Yes, those are profitable companies and their executives are well compensated. No one is crying any tears for them.
But health insurance companies’ profit margins range between 4 to 5.25 percent, well within the mainstream of US companies and below that of industries such as oil/gas (9.23 percent) or life insurance (11.24 percent).
Pharmaceutical companies fare slightly better, with a profit margin of 10.94 percent but still rank behind financial services (20.1 percent) or legal services (15.4 percent).
Surprisingly much of the cost of health care is due to labor costs. We may not think of it that way, but health care is a very labor‐intensive industry. In fact, 56 percent of health care spending is for wages and benefits. Health care workers make up nearly 12 percent of the US workforce, and increases in productivity have not nearly offset labor costs. That’s one reason why increases in health care costs have largely tracked increases in wages, a phenomenon observed in other labor‐heavy industries like education.
At the same time, the cost of technology‐based goods and services is dropping, making it appear that health care costs are rising even faster than they are. Ironically, candidates’ proposals to increase the minimum wage or otherwise raise the cost of employment are likely to drive the cost of health care even higher.
It is also important to realize that we spend a lot of money on health care in this country simply because we can. Economists consider health care to be a “superior good,” meaning that spending rises as incomes rise. At the same time, there are natural limits to how much we can consume.
For instance, no matter how wealthy we become, we can only eat so much more food. There are far fewer limits when it comes to health care. We all want to live forever and will consume as much health care as it takes. That is why, across all countries, wealthier people devote a greater share of wealth to health care.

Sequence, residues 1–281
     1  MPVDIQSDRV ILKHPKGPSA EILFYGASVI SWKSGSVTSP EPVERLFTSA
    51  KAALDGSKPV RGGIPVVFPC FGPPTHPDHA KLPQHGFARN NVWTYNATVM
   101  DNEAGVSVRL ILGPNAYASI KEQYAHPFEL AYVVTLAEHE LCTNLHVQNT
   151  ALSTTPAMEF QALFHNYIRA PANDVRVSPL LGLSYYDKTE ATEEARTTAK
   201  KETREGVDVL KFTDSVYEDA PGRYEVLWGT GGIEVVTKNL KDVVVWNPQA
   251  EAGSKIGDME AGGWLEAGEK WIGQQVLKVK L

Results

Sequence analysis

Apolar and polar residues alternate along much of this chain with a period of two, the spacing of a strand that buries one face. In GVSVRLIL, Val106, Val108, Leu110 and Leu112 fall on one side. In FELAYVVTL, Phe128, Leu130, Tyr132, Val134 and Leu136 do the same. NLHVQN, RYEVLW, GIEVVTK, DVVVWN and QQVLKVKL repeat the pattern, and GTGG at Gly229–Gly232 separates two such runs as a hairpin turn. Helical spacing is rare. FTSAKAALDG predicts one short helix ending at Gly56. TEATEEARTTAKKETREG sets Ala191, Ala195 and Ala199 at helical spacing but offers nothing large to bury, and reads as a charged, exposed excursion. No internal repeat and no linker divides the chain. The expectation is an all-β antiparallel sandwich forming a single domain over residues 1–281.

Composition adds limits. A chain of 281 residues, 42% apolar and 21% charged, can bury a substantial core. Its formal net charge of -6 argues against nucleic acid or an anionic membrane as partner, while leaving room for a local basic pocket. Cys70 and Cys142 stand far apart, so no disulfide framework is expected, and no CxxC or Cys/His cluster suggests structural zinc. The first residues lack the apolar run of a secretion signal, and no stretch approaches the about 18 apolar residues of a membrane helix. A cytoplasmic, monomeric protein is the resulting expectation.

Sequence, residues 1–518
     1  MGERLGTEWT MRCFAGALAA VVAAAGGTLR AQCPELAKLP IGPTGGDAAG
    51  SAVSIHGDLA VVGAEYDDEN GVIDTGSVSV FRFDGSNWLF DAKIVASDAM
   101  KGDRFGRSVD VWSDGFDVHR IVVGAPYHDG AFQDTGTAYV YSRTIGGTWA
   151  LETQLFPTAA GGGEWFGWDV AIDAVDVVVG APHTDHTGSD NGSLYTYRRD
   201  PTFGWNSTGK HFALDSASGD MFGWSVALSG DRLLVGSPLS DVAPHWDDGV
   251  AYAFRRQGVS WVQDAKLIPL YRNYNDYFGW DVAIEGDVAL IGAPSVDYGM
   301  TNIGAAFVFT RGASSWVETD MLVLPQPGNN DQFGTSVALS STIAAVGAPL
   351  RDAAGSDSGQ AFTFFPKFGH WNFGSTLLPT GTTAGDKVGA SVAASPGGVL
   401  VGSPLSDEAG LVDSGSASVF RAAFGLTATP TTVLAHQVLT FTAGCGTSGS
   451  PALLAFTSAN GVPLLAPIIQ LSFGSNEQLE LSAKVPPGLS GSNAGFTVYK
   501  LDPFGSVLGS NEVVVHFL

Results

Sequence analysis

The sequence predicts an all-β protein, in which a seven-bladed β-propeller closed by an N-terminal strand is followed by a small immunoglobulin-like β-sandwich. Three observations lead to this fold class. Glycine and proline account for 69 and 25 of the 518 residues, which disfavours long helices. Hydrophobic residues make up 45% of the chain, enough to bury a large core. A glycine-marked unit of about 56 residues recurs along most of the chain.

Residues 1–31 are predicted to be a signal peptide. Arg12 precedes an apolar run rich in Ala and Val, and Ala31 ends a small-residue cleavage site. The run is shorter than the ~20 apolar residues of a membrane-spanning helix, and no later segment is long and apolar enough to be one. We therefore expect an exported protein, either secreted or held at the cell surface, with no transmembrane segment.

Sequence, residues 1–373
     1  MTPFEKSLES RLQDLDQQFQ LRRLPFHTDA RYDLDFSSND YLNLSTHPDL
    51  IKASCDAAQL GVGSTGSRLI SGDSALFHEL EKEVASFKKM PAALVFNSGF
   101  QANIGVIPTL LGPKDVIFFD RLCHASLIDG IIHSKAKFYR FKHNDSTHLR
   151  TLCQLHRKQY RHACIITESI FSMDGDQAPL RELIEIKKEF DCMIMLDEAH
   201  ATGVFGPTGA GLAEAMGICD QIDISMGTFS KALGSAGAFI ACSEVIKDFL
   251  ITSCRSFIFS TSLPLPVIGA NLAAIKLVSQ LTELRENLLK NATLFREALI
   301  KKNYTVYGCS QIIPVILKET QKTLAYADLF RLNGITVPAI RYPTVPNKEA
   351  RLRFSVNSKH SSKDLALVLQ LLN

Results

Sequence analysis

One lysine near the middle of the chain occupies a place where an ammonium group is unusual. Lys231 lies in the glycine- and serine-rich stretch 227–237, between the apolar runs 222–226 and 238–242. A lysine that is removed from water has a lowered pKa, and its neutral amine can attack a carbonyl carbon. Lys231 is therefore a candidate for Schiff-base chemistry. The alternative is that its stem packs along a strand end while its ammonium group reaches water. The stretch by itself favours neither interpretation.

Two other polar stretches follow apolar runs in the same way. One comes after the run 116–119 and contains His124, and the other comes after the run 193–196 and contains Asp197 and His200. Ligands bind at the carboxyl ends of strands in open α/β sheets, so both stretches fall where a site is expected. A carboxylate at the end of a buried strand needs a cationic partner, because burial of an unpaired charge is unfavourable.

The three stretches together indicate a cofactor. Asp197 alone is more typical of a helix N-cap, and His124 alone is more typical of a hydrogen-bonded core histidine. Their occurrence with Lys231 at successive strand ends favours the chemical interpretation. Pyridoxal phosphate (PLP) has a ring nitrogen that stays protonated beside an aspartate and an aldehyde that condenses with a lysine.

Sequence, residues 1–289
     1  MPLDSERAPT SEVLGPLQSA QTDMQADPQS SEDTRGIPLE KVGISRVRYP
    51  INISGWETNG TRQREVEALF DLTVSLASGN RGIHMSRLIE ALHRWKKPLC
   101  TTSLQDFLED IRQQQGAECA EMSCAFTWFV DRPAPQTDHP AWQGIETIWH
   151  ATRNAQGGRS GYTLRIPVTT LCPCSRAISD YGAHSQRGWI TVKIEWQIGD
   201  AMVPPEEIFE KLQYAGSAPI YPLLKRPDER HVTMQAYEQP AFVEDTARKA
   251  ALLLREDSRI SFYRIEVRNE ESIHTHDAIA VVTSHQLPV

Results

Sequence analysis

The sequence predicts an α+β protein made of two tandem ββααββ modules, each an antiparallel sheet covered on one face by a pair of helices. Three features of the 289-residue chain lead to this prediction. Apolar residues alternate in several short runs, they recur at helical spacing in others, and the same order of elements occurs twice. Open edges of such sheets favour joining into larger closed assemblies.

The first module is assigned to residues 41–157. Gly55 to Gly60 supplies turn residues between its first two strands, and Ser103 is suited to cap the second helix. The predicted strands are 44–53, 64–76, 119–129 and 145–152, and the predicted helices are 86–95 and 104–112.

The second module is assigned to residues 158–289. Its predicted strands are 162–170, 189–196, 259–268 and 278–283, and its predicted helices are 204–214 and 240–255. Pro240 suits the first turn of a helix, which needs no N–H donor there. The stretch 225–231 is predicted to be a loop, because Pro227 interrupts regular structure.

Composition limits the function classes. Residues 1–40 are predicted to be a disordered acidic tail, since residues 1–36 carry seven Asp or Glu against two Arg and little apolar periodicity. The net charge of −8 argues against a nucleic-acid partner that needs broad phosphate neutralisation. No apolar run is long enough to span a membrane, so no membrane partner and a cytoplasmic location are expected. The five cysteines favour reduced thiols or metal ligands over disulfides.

Looking at other countries, with their government‐run health‐care systems, provides no easy answers. Yes, as noted, other countries spend less than we do, but that is for the most part because they started at a lower base. If you look at year‐over‐year spending increases, the growth in US health care expenditures has been roughly in the middle of the pack over the last 20 years.
Systems commonly cited by advocates of single‐payer health care have actually been growing faster than the United States. For example, from 2000 to 2015 (the last year for which comparable data is available), health care spending in the United States grew by an annual average of 5.1 percent. That’s considerably less than the 6.8 percent average in the United Kingdom or the 6.4 percent average in Sweden.
US spending did grow slightly faster than Germany (4.7 percent) but slower than the Netherlands (6 percent), Japan (5.8 percent) and Norway (5.4 percent).
None of this means that our health care costs are not distributed in ways that cause hardship for many Americans, that our spending is used in the most efficient and effective manner or that we always receive value commensurate with our spending. We can and should try to do better. In this regard, there are many good proposals for reform from both the left and right.
But when candidates promise a system that will cover every American with benefits far more extensive than dreamed of in other countries for less money than we spend today … well, I would like my unicorn to have purple stripes please.